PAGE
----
- Heavy Words Lightly Thrown: The Reason Behind the Rhyme, Chris Roberts. An impulse purchase at B&N while waiting to meet Chris for dinner after the Jim Webb rally in November. It's billed as "the seamy and quirky stories behind favorite nursery rhymes". Very entertaining read, although I wish there'd been more than one page of references. For the Americans, this edition even has a handy glossary in the back to help translate English to American. =)
- A Swiftly Tilting Planet, Madeleine L'Engle. I found a hardback copy of this for 50 cents at the local library book sale, and figured that I'd pick it up to re-read it. The more I read though, the more I'm convinced that I never read this as a kid. *hangs head in shame* I find it hard to believe that I didn't, since I know I read A Wrinkle in Time, but I have no memory of this story at all.
- A Child's Book of True Crime, Chloe Hooper.
- Our Girl in Washington: A Kate Boothe Novel, Michele Mitchell. One of the reviews posted on Amazon calls this "the chick-lit version of Syriana"; I don't think it comes anywhere close to the level of "Syriana", frankly, but it's certainly entertaining enough. Plausible? Eh, I don't think so. I like Kate though, I'll probably hunt down "The Latest Bombshell" (the previous novel) at some point.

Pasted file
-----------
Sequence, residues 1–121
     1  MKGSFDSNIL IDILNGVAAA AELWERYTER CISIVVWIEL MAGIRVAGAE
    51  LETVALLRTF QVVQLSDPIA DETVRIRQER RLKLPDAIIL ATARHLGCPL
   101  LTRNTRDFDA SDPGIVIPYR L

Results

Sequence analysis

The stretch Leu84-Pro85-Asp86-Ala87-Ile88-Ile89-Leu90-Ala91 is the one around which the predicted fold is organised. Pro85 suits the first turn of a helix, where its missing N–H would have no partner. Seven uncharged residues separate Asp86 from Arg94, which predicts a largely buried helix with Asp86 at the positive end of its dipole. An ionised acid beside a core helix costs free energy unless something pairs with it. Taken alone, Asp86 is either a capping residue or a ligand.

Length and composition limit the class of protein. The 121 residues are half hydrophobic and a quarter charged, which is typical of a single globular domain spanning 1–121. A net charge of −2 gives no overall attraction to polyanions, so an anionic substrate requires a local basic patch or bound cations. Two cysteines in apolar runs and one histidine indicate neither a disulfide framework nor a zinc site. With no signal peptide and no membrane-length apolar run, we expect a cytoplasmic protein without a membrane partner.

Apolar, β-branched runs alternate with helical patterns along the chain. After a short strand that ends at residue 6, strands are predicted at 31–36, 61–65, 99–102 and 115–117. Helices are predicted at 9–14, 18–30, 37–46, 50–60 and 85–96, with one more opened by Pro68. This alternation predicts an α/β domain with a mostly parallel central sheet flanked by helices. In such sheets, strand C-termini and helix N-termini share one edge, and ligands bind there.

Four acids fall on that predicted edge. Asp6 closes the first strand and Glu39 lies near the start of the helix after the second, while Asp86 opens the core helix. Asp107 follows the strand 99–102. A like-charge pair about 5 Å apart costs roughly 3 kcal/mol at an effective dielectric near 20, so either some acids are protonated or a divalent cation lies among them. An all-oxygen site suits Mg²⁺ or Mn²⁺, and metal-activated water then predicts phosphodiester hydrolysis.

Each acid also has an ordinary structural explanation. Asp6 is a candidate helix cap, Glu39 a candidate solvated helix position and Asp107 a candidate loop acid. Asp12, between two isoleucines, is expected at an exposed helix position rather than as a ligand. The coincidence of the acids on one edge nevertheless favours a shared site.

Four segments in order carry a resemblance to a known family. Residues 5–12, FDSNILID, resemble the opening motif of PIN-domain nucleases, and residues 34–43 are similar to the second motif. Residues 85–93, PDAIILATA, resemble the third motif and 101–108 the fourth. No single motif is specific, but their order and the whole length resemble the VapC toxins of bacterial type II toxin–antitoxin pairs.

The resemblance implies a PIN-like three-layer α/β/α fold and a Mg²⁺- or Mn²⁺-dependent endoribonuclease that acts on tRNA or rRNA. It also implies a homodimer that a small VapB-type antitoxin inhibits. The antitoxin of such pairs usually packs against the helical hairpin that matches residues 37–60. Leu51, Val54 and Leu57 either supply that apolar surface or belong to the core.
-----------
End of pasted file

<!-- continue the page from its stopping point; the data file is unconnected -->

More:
- Irresistible Forces, Catherine Asaro (editor). I didn't expect to see Catherine Asaro and Lois McMaster Bujold filed in "romance", but that's where this was. It's an anthology of romantic science fiction and fantasy ("speculative romance", Asaro calls it in the introduction). I kinda like that sort of thing, but you'll want to avoid it if you can't stand to get romance in your science fiction or vice versa.
- Tangled Up In Blue, Joan Vinge. This is set during the time of The Snow Queen, towards the end of Arienrhod's reign, and features BZ Gundhalinu. You can read it as a stand-alone story, although a lot of things that are mentioned in passing will make more (any) sense if you are familiar with the universe already. It was a quick read and I enjoyed it as I have all the other books by Vinge that I've read, but I though The Snow Queen was much more rewarding in terms of character development. It felt short, but maybe that was because there weren't as many subplots to keep track of.
- Love Kills, Ed Gorman (editor). I was reading the next-to-last story when midnight hit on New Year's Eve, but I'm still going to count this as a 2006 book since I was almost done. An anthology of stories about the ways in which love can kill, literally or figuratively. There are stories from Lawrence Block, Ruth Rendell, Donald Westlake, and 28 others. Not terribly cheerful ("Pretty Eyes" by Evan Hunter was particularly depressing I thought), but hopefully you'd not be expecting otherwise just based on the title alone.
Seventy-five for the year, not too bad. Not nearly as much as I used to read before the advent of the Intarwebs, but much better than my count of 45 for last year.